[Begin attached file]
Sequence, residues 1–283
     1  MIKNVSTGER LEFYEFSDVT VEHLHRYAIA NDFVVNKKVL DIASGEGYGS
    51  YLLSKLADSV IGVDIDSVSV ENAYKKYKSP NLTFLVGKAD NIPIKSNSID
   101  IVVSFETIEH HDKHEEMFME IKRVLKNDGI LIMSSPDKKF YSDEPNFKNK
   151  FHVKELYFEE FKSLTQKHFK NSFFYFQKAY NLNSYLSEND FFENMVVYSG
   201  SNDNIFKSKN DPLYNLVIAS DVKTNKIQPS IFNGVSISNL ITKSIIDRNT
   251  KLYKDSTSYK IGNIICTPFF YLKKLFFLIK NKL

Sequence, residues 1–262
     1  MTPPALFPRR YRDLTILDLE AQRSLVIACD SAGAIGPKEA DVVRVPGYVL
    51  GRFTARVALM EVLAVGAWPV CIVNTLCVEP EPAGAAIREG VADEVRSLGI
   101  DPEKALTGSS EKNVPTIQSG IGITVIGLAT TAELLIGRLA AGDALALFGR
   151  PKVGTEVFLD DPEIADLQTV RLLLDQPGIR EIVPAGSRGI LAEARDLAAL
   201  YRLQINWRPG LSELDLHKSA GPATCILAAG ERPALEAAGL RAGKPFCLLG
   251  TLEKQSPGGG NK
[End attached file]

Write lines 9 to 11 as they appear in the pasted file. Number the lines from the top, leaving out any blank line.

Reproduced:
     1  MTPPALFPRR YRDLTILDLE AQRSLVIACD SAGAIGPKEA DVVRVPGYVL
    51  GRFTARVALM EVLAVGAWPV CIVNTLCVEP EPAGAAIREG VADEVRSLGI
   101  DPEKALTGSS EKNVPTIQSG IGITVIGLAT TAELLIGRLA AGDALALFGR